Traditions for Halloween: Chow mein, werewolf paws and tricks before treats

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It’s Halloween, and from fanatics to flops, BYU students have a range of opinions when it comes to this haunted holiday. We found a couple of unique traditions to share with the rest of campus. Whether they make you jealous or make you roll your eyes, here are some of BYU students’ odd Halloween traditions.

Stay-at-nome night

“We have the normal traditions, like carving pumpkins on Halloween,” said Hillary Lake, a senior majoring in human development. “But, there are also the defining, fun family twists … as well … (like) carving the Halloween pumpkins with a jig saw.”

Lake explained that her Halloween doesn’t contain candy as much as it contains…chinese food?

At 8 p.m., the Lake family shuts all the doors and turns off all the lights. “Then we go in our basement, lay out some blankets on the floor, get all the utensils ready, and pull out the recent Redbox rental,” Lake explained. “We then snuggle all together to eat Chinese take-out and laugh at some of our favorite Disney movies as a family.”

Chinese take-out and Disney movies (besides “The Nightmare Before Christmas”) are not exactly typical, go-to Halloween activities. But Lake thinks being with the family is more important than what the family is doing.

“Besides,” Lake said, “I like chow mein better than Mike and Ikes anyway.”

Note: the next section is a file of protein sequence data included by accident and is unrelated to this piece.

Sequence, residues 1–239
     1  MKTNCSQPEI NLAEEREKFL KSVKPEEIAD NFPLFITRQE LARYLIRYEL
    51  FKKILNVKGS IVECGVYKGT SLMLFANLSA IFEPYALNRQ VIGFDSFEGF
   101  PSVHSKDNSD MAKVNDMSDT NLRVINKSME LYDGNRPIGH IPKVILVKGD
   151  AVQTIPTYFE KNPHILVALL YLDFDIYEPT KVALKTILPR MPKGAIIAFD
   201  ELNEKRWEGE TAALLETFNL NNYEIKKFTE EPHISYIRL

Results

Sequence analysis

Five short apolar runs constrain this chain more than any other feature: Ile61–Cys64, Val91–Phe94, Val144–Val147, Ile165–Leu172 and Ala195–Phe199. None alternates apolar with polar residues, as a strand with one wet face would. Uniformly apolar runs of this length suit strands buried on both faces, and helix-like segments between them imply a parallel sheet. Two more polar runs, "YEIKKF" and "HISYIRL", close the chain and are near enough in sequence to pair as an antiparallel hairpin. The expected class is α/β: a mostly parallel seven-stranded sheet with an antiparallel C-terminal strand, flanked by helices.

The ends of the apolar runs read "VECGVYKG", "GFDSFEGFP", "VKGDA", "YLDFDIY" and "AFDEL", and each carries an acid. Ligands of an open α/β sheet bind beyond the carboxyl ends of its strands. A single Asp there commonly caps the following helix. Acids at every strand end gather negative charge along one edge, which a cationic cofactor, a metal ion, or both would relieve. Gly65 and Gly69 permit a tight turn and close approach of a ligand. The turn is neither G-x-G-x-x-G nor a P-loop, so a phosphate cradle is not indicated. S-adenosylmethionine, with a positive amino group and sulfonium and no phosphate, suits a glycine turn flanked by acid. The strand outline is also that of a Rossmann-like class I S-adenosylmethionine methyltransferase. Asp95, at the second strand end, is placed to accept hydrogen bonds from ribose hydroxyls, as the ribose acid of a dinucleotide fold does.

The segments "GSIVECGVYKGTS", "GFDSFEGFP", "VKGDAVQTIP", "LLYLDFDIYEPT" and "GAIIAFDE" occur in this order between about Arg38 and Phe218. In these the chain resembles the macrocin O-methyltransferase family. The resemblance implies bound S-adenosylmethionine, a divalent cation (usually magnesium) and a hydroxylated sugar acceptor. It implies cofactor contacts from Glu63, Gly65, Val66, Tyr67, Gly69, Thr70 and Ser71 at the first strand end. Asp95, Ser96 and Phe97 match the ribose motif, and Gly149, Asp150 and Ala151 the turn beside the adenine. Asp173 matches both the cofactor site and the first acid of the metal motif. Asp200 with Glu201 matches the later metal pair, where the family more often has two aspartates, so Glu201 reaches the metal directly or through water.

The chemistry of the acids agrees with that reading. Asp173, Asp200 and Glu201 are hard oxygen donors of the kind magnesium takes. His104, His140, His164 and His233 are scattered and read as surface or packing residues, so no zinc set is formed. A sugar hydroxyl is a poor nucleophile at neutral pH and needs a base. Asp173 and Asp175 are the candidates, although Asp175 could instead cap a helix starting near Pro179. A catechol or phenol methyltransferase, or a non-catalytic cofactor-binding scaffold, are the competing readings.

Gross-out dinner

Every year Emily Lloyd, a junior in the graphic design program, and her family do a Halloween mystery dinner.

“When we sit down to eat the table is elaborately decorated with all types of skulls and other spooky items,” Lloyd said. “We each receive a menu with three options each under the categories appetizer, entrée, and dessert. Then it is up to us to pick one item from each category. Some examples of names include Alien Head, Tentacle Pie, Skull in Sludge Guts, Spider Eggs, and Dragon Claws with Blood.”

Fellow BYU student Christopher Keenan, a sophomore planning to major in PD Bio, and his family also do a spooky supper known as the Gross-out Dinner.

“We’ve had attendees vomit before,” Keenan said.

A couple weeks before Halloween, the cooking begins. From “pus-filled” cupcakes to “werewolf” meatloaf, the meal consists of abhorrent-looking delicacies.

“I think the grossest part is always the punch with floating body parts in it,” Keenan said with a grimace.

But Keenan and Lloyd both insisted it’s all very yummy, even if it makes one’s face turn green. “It always looks freakishly similar to the name it is given, but luckily it is always yummy. I definitely will … carry on this tradition with my own family,” Lake said.

“Eating chocolate pudding out of diapers … now that was gross. But also yummy,” laughed Keenan.

Tricks before treats

North America’s Halloween celebrations have spread far and wide, jumping across the Atlantic to the U.K. But according to BYU student Jakob Walker, trick or treat back home in the U.K. is not just a cute saying.

“Sometimes the people at the door will say ‘trick,'” Walker said. “At that point, you’ve got to do a little trick, a dance or something like that, before getting treats.” Literally having a trick up his sleeve, Walker would pull out and then throw down a couple snap-n-pops, much to the surprise of the onlookers.

Although this custom is not common in America, people do run into it occasionally. Kurt Marrott, an illustration major from Missouri, would occasionally have to give a joke before getting his hands on the candy.

“It didn’t happen all the time, maybe every eight doors,” Marrott said. “But it was cool; people should do that more.”

Got any fun traditions? Tweet us at @UniverseBYU and share what it is you and your family do for Halloween.

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